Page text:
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    In the field of visual scene understanding, deep neural networks have made impressive advancements in various core tasks like segmentation, tracking, and detection. However, most approaches operate on the close-set assumption, meaning that the model can only identify pre-defined categories that are present in the training set. Recently, open vocabulary settings were proposed due to the rapid progress of vision language pre-training. These new approaches seek to locate and recognize categories beyond the annotated label space. The open vocabulary approach is more general, practical, and effective compared to weakly supervised and zero-shot settings. This paper provides a thorough review of open vocabulary learning, summarizing and analyzing recent developments in the field. In particular, we begin by comparing it to related concepts such as zero-shot learning, open-set recognition, and out-of-distribution detection. Then, we review several closely related tasks in the case of segmentation and detection, including long-tail problems, few-shot, and zero-shot settings. For the method survey, we first present the basic knowledge of detection and segmentation in close-set as the preliminary knowledge. Next, we examine various scenarios in which open vocabulary learning is used, identifying common design elements and core ideas. Then, we compare the recent detection and segmentation approaches in commonly used datasets and benchmarks. Finally, we conclude with insights, issues, and discussions regarding future research directions. To our knowledge, this is the first comprehensive literature review of open vocabulary learning. We keep tracing related works at https://github.com/jianzongwu/Awesome-Open-Vocabulary.Comment: Project page at https://github.com/jianzongwu/Awesome-Open-Vocabular

    Exploring Seasonal and Circadian Rhythms in Structural Traits of Field Maize from LiDAR Time Series

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    International audiencePlant growth rhythm in structural traits is important for better understanding plant response to the ever-changing environment. Terrestrial laser scanning (TLS) is a well-suited tool to study structural rhythm under field conditions. Recent studies have used TLS to describe the structural rhythm of trees, but no consistent patterns have been drawn. Meanwhile, whether TLS can capture structural rhythm in crops is unclear. Here, we aim to explore the seasonal and circadian rhythms in maize structural traits at both the plant and leaf levels from time-series TLS. The seasonal rhythm was studied using TLS data collected at four key growth periods, including jointing, bell-mouthed, heading, and maturity periods. Circadian rhythms were explored by using TLS data acquired around every 2 hours in a whole day under standard and cold stress conditions. Results showed that TLS can quantify the seasonal and circadian rhythm in structural traits at both plant and leaf levels. (1) Leaf inclination angle decreased significantly between the jointing stage and bell-mouthed stage. Leaf azimuth was stable after the jointing stage. (2) Some individual-level structural rhythms (e.g., azimuth and projected leaf area/PLA) were consistent with leaf-level structural rhythms. (3) The circadian rhythms of some traits (e.g., PLA) were not consistent under standard and cold stress conditions. (4) Environmental factors showed better correlations with leaf traits under cold stress than standard conditions. Temperature was the most important factor that significantly correlated with all leaf traits except leaf azimuth. This study highlights the potential of time-series TLS in studying outdoor agricultural chronobiology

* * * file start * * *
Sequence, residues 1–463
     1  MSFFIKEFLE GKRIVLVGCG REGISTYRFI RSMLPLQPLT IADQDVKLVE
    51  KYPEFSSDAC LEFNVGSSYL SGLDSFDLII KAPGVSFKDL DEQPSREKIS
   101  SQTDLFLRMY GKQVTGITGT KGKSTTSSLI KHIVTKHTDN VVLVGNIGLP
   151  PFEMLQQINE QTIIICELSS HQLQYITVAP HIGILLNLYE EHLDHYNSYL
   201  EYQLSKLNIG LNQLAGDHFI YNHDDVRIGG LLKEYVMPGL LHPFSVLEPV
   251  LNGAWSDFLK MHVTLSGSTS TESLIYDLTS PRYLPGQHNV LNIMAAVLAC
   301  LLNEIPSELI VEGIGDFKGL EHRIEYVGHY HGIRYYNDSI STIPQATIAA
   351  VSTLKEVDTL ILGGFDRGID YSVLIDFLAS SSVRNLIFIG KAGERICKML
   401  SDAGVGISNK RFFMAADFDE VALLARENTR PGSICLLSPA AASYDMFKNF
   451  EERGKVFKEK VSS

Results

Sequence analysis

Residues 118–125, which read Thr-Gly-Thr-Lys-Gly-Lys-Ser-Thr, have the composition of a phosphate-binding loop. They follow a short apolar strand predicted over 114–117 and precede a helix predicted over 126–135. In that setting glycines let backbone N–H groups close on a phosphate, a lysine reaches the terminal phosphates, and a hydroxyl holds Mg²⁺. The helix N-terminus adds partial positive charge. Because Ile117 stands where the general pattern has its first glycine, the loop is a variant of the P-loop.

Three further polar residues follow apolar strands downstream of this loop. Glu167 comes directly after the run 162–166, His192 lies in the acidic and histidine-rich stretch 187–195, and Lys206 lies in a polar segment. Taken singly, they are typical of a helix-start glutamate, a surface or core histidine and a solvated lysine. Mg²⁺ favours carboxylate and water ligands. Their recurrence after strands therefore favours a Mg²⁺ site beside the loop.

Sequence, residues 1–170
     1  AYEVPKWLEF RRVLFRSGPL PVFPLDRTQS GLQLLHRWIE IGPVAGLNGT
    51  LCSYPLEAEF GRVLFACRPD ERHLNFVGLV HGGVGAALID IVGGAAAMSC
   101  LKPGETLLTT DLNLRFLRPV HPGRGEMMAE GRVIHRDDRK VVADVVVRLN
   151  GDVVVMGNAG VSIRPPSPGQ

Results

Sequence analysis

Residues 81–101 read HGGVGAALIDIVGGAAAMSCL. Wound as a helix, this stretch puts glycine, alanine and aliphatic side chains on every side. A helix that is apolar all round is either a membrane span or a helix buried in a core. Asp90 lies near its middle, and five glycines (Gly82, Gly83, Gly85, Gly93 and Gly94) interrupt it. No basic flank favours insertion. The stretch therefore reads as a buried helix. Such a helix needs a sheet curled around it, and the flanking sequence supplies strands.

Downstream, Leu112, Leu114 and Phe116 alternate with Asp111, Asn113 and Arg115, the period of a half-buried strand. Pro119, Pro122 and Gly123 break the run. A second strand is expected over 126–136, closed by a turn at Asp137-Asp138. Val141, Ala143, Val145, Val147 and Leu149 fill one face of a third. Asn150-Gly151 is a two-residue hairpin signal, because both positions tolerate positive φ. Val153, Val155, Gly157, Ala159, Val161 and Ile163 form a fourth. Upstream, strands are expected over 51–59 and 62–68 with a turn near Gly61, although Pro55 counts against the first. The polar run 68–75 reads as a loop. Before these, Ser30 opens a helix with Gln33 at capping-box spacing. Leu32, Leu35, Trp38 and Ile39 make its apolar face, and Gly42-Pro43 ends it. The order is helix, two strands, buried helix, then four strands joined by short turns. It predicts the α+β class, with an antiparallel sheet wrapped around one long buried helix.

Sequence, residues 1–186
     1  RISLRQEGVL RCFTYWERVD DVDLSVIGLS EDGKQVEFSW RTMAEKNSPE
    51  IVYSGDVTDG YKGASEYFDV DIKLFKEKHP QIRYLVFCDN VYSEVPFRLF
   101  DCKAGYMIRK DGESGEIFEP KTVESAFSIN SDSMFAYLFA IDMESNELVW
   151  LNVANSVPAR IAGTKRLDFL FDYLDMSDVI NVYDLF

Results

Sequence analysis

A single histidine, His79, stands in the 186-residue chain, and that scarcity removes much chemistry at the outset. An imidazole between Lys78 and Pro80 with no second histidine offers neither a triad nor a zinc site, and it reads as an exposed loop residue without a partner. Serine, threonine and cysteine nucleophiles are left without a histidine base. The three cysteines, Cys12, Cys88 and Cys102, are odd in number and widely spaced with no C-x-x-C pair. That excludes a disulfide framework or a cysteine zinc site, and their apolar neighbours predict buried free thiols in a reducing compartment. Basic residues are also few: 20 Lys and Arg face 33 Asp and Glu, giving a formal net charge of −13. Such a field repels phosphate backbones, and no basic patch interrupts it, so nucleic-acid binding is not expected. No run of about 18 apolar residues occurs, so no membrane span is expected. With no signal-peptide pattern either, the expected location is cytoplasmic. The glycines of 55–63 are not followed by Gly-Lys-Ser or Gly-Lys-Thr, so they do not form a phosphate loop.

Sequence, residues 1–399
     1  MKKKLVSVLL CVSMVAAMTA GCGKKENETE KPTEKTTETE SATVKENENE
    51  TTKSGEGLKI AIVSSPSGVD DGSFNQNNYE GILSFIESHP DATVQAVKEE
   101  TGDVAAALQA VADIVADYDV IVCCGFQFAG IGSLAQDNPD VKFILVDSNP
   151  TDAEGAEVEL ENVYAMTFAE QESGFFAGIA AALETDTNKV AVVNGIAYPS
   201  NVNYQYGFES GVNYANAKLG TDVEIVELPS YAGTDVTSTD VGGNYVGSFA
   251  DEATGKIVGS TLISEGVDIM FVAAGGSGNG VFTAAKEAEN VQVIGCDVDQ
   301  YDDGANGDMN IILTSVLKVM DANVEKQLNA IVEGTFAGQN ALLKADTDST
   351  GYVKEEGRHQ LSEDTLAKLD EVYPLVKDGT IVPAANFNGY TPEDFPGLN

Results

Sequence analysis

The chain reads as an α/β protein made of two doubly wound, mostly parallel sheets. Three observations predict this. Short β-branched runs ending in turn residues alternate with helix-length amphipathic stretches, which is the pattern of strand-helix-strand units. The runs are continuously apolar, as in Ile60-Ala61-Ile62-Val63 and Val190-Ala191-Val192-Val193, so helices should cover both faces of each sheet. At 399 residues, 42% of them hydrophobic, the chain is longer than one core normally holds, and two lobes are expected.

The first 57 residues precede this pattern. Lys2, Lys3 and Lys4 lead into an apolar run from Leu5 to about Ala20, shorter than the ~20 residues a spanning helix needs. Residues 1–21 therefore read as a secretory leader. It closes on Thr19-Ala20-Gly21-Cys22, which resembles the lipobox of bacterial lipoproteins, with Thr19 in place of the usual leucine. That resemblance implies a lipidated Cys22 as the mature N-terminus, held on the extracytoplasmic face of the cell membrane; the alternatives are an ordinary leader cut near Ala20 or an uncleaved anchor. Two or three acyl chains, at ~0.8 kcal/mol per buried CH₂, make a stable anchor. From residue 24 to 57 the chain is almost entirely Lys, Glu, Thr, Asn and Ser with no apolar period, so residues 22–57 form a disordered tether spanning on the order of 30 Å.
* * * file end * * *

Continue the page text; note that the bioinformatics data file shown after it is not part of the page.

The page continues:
Guidelines for the use and interpretation of assays for monitoring autophagy (4th edition)

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    In 2008, we published the first set of guidelines for standardizing research in autophagy. Since then, this topic has received increasing attention, and many scientists have entered the field. Our knowledge base and relevant new technologies have also been expanding. Thus, it is important to formulate on a regular basis updated guidelines for monitoring autophagy in different organisms. Despite numerous reviews, there continues to be confusion regarding acceptable methods to evaluate autophagy, especially in multicellular eukaryotes. Here, we present a set of guidelines for investigators to select and interpret methods to examine autophagy and related processes, and for reviewers to provide realistic and reasonable critiques of reports that are focused on these processes. These guidelines are not meant to be a dogmatic set of rules, because the appropriateness of any assay largely depends on the question being asked and the system being used. Moreover, no individual assay is perfect for every situation, calling for the use of multiple techniques to properly monitor autophagy in each experimental setting. Finally, several core components of the autophagy machinery have been implicated in distinct autophagic processes (canonical and noncanonical autophagy), implying that genetic approaches to block autophagy should rely on targeting two or more autophagy-related genes that ideally participate in distinct steps of the pathway. Along similar lines, because multiple proteins involved in autophagy also regulate other cellular pathways including apoptosis, not all of them can be used as a specific marker for bona fide autophagic responses. Here, we critically discuss current methods of assessing autophagy and the information they can, or cannot, provide. Our ultimate goal is to encourage intellectual and technical innovation in the field

    Large-Scale Malicious Software Classification with Fuzzified Features and Boosted Fuzzy Random Forest

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    Multi-Granularity Retrieval Model for Bridging Gaps between Biomedical Concepts and Entities: THUIR at TREC 2007 Genomics Track

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    Abstract General concepts are always used to describe query requirement (In the example "What tumor types are associated with Rb1 mutations?", "Tumor types" is a general concept, and its entity in a relevant documents can be "brain tumor"). To bridge the gaps between concepts in user queries and entities in relevant documents, we proposed a multi-granularity retrieval model in TREC 2007 Genomics task. The model consists of three components: (1) Paragraph retrieval is employed to retrieve candidate paragraph initially; (2) Dictionary-based NER is utilized to recognize named entities of given types; (3) Passage ranking is used to rank retrieved candidate passages. Our proposed model achieve promising result (Passage MAP=0.1023, with NER bottleneck eliminated)